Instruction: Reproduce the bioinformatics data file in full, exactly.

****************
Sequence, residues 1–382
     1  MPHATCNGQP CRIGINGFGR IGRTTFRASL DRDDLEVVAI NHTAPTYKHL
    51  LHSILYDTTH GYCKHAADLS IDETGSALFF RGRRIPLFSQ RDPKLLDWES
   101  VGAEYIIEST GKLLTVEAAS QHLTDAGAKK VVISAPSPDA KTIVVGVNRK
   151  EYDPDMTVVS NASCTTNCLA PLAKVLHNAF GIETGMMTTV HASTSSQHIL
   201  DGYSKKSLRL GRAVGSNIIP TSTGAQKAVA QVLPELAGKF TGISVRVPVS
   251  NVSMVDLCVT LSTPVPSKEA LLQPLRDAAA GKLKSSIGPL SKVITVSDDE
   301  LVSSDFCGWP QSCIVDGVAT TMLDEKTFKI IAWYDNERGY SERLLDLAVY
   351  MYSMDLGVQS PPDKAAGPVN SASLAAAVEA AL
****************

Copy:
Sequence, residues 1–382
     1  MPHATCNGQP CRIGINGFGR IGRTTFRASL DRDDLEVVAI NHTAPTYKHL
    51  LHSILYDTTH GYCKHAADLS IDETGSALFF RGRRIPLFSQ RDPKLLDWES
   101  VGAEYIIEST GKLLTVEAAS QHLTDAGAKK VVISAPSPDA KTIVVGVNRK
   151  EYDPDMTVVS NASCTTNCLA PLAKVLHNAF GIETGMMTTV HASTSSQHIL
   201  DGYSKKSLRL GRAVGSNIIP TSTGAQKAVA QVLPELAGKF TGISVRVPVS
   251  NVSMVDLCVT LSTPVPSKEA LLQPLRDAAA GKLKSSIGPL SKVITVSDDE
   301  LVSSDFCGWP QSCIVDGVAT TMLDEKTFKI IAWYDNERGY SERLLDLAVY
   351  MYSMDLGVQS PPDKAAGPVN SASLAAAVEA AL